Part of the genius of the original Star Wars trilogy came from George Lucas’s decision to offer glimpses of a larger world and suggestions of who might live in it without providing much detail. Bizarre aliens and strange technology get only a few moments of screen time but have fueled the imaginations of viewers for decades. The Empire Strikes Back, for instance, features a gathering of bounty hunters, all of whom look like they’ve accumulated a lifetime of stories living hard in some of the nastiest parts of the galaxy, stories the film leaves tantalizingly untold. Successful franchises abhor a vacuum, however, and that same quality has helped inspire a whole industry of spin-off novels, comics, games, and animated series to fill in all those intriguing blanks. There’s something lost in that process, but when the spin-offs work, there’s also something to be gained.
The Mandalorian is Star Wars’ first live-action TV series after years of false starts and stalled projects. The first challenge, of course, comes in making a TV series that can match the production values of the feature films. Disney+, the new streaming service that’s treating The Mandalorian as one of its anchors, has seemingly tried to answer that challenge by pouring money into the project. A lot of money. From the opening images of the thus-far-unnamed protagonist walking across a windswept ice planet, the series looks like it takes place in the same universe as the films, and the effects, a combination of practical and digital imagery, can stand next to the features as well. (Familiar sound effects and some Easter eggs also help create a sense of unity. Apparently, Kowakian monkey-lizards are a delicacy in some quarters.)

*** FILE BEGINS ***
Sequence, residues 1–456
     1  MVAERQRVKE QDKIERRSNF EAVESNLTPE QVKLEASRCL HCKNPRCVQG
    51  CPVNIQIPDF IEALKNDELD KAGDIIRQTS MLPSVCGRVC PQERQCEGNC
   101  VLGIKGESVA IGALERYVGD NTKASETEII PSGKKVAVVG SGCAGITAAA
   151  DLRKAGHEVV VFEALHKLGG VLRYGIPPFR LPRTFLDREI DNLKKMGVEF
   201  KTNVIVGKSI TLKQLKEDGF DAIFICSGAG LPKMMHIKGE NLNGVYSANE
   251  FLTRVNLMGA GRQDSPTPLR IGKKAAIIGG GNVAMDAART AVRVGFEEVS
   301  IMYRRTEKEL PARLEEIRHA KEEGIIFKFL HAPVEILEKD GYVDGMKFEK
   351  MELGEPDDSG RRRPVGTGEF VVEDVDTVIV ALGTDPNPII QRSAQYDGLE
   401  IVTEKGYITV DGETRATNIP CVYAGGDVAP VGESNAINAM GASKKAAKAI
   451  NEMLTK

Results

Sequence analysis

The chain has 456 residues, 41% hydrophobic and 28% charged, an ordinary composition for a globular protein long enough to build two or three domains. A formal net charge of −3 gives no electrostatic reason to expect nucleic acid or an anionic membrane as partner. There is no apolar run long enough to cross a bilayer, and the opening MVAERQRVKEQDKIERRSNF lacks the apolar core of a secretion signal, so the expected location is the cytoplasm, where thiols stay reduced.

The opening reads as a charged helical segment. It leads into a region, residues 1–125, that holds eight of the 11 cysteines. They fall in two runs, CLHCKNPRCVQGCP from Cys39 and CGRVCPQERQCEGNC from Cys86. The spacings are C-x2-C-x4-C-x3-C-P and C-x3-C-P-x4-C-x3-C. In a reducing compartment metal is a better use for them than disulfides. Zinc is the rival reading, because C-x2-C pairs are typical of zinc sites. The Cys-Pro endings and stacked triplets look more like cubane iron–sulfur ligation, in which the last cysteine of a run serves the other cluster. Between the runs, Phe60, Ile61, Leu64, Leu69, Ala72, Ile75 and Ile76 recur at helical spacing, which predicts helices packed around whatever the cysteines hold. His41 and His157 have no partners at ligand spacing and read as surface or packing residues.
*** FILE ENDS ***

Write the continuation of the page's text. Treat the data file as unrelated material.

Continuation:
The next challenge: making it feel like Star Wars. Based on its first episode, The Mandalorian rises to that one, too, digging into the seedy underbelly glimpsed in Episode IV’s cantina scene and throughout Rogue One. It’s a place where our hero (Pedro Pascal, who doesn’t take off his mask in the first episode) seems at home. Part of a group of imperiled refugee warriors trying to keep their tribe together under calamitous circumstances, the Mandalorian makes his living as a bounty hunter. And though he belongs to a guild, it’s not a great living, nor is it one that obliges him to be nice to anyone he meets, particularly those he’s been assigned to chase down.
The opening scene doesn’t waste any time establishing the Mandalorian’s character. After entering a not-so-reputable-looking bar, the Mandalorian rescues a talkative, finned blue patron (Horatio Sanz, playing either a character named Mythrol or a member of the Mythrol race, it’s not clear) on the verge of being killed for his musk by a pair of shady characters. The Mandalorian’s not subtle in his methods, either, letting one get chewed in half by a closing port. Then, taking out a bounty puck, which projects a hologram of the creature he has just rescued, he makes it clear that his new acquaintance will be leaving the planet with him. “I can bring you in warm,” the Mandalorian warns, while touching the gun on his holster, “or I can bring you in cold.”
Later, we’ll learn that cold has several meanings and that carbonite-freezing technology has apparently become more portable in the years since Han Solo ended up slabbed and frozen at the end of Empire. But then, a lot seems to have changed since then. Set seven years after the end of Return of the Jedi, The Mandalorian takes place in a universe still figuring out what happens next. The Empire has fallen and, in the corners of the universe we see in this episode, only chaos has taken its place. Creator Jon Favreau, who wrote this episode, has frequently cited spaghetti Westerns as one of the primary inspirations behind the show, and that’s evident in both the series’ look — which borrows images from classic Westerns and throws in a pretty obvious nod to The Wild Bunch in its climactic scene — and its tone. The Mandalorian may have a moral code, one driven by his work to keep his band of fellow Mandalorians intact, but that code has a lot of flexibility built into it. Desperate times and economic strife make rigid morality a luxury few can afford.